FFXIV Inventory Guide & Tips – How to Expand Your Inventory

Inventory bags are limited in FFXIV, so you better make the most of what you've got.

FFXIV inventory management is an uphill battle. Retainers, the Glamour Dresser, and your Chocobo Saddlebag make for a somewhat convoluted system of unlocking more bag slots. That’s before you throw real money into the mix. So let’s take a look at how to expand your inventory in FFXIV — along with some tips on where to find bonus slots you might not be using to their full potential.

Free Retainers

Your first opportunity to expand your inventory comes at Level 17. It all starts with Retainers — living equivalents of “banks” or “vaults” in games like Destiny 2 or World of Warcraft. Meaning they can hold items for you, but you need to return to specified locations (in this case Summoning Bells) to retrieve or deposit inventory items. Though Retainers are good for quite a lot more than holding your cool rocks.

By default, you can have two Retainers at one time. You just need to hire them from the “Retainer Vocate” NPC found in the market areas of any major city: Hawker’s Alley in Limsa Lominsa, Sapphire Avenue Exchange in Ul’dah, and stalls east of the Leatherworkers’ Guild Aethernet stone in New Gridania. You can find more vocates and more Summoning Bells throughout the game, though (usually in non-combat city areas like Kugane, the Crystarium, Idyllshire, etc.).

Retainers are currently locked at 175 total inventory slots a piece — plus their own, separate stores for Shards, Crystals, and Clusters used in crafting. Odds are you won’t have to worry about the latter, though. Not unless you collect or buy more than 9,999 Shards, Crystals, or Clusters of any one element at any one time. So, in essence, that’s 350 extra “bank slots” on your custom-designed NPCs.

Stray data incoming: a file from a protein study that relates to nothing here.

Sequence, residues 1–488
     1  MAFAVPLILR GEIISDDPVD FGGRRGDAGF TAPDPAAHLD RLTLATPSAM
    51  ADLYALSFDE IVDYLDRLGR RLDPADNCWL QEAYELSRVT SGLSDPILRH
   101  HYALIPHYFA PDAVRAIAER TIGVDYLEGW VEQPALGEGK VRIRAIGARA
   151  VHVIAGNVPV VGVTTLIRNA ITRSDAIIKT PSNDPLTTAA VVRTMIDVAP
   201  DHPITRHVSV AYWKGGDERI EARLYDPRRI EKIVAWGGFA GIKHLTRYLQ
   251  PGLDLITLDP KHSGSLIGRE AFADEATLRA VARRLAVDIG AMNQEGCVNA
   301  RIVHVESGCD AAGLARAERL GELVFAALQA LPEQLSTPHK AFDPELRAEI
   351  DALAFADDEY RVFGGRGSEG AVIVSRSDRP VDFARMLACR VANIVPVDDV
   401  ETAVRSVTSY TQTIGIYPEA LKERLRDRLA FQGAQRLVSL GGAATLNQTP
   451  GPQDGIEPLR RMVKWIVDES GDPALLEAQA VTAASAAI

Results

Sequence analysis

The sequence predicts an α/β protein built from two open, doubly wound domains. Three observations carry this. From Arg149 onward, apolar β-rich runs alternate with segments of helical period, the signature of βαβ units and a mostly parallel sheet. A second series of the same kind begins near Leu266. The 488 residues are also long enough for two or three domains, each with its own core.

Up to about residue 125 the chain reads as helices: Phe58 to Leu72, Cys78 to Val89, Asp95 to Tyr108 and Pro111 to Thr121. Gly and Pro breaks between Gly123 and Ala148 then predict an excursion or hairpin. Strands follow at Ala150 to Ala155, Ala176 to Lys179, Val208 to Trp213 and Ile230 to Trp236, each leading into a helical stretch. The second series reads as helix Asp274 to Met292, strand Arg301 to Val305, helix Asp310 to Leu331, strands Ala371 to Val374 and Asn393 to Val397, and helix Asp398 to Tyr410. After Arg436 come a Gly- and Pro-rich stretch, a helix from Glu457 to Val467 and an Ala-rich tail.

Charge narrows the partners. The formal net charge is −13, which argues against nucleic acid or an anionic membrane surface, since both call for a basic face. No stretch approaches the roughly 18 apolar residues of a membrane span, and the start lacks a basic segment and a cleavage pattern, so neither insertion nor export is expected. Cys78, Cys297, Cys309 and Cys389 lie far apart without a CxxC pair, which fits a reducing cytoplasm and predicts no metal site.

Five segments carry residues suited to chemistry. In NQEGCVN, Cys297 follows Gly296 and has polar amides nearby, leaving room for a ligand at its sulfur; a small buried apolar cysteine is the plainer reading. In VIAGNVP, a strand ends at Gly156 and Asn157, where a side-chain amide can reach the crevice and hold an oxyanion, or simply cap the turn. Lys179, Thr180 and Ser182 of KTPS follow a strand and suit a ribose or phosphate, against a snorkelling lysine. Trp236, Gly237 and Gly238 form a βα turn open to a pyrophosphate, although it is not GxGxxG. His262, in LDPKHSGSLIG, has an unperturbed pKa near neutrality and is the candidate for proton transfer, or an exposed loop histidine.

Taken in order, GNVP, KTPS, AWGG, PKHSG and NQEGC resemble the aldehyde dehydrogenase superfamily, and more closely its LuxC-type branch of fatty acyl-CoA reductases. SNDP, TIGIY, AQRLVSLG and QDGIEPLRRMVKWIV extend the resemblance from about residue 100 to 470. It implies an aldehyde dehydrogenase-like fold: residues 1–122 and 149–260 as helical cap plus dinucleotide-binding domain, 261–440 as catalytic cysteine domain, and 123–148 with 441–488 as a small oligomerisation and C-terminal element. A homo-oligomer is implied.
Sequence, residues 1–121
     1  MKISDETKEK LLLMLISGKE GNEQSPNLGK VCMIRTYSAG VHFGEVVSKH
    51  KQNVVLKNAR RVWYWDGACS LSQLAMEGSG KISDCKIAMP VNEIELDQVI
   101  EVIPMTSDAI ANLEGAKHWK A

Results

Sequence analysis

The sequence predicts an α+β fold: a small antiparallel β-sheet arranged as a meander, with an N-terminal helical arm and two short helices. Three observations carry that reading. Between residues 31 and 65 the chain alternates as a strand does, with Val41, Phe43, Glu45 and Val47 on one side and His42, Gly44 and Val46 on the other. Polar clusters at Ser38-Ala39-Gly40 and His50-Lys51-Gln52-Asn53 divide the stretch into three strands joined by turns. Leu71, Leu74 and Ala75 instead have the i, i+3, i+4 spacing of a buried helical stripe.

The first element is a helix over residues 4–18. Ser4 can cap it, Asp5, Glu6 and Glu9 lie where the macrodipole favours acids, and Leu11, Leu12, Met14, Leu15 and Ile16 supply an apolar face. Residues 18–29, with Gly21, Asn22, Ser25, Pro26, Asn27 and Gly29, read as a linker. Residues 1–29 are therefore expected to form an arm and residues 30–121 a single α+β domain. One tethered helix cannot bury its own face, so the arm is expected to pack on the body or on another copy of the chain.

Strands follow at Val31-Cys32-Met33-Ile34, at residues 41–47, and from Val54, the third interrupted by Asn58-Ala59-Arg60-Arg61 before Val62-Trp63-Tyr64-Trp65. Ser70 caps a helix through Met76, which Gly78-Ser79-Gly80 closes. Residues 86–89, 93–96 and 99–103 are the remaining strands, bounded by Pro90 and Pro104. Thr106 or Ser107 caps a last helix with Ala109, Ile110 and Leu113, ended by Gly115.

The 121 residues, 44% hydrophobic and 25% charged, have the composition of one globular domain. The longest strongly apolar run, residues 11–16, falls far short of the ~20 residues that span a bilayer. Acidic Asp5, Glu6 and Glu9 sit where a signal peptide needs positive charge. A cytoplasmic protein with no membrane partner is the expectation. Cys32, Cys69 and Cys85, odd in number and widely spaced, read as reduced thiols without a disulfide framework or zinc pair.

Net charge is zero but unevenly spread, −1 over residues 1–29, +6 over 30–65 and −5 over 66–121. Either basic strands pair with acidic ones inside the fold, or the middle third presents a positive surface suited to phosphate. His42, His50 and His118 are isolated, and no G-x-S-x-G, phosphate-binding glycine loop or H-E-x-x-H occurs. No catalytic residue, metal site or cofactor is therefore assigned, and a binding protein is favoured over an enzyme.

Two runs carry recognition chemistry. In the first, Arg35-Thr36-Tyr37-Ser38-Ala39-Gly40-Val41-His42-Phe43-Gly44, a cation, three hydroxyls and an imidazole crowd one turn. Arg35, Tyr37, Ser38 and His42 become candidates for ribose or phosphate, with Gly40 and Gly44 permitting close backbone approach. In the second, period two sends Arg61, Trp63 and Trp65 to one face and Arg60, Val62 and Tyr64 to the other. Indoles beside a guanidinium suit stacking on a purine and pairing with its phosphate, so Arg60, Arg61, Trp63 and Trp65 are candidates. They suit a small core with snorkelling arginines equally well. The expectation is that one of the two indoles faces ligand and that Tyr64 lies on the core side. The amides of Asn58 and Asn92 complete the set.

ffxiv retainer

Retainers have other functions not directly related to inventory, too. You can spend a currency called Ventures to send them hunting for items. Which items are available depend on whatever class you set your Retainer to: Miner, Botanist, Fisher, or any one of the combat classes. All of the combat classes have access to the same items (mostly monster parts used for crafting).

You also use Retainers to sell items on the Market Boards — the digital auction house where other FFXIV players can buy your stuff for prices that you set. This is one of the lowkey best ways to clear your inventory, since most items sell for a pittance of gil to NPC vendors. Instead you want to get a fair market price from human players (with money generated from Duty Roulettes and the like) while removing items from your own backpack. Every Retainer can display up to 20 items on the Market Board at one time, effectively adding 40 more bag slots.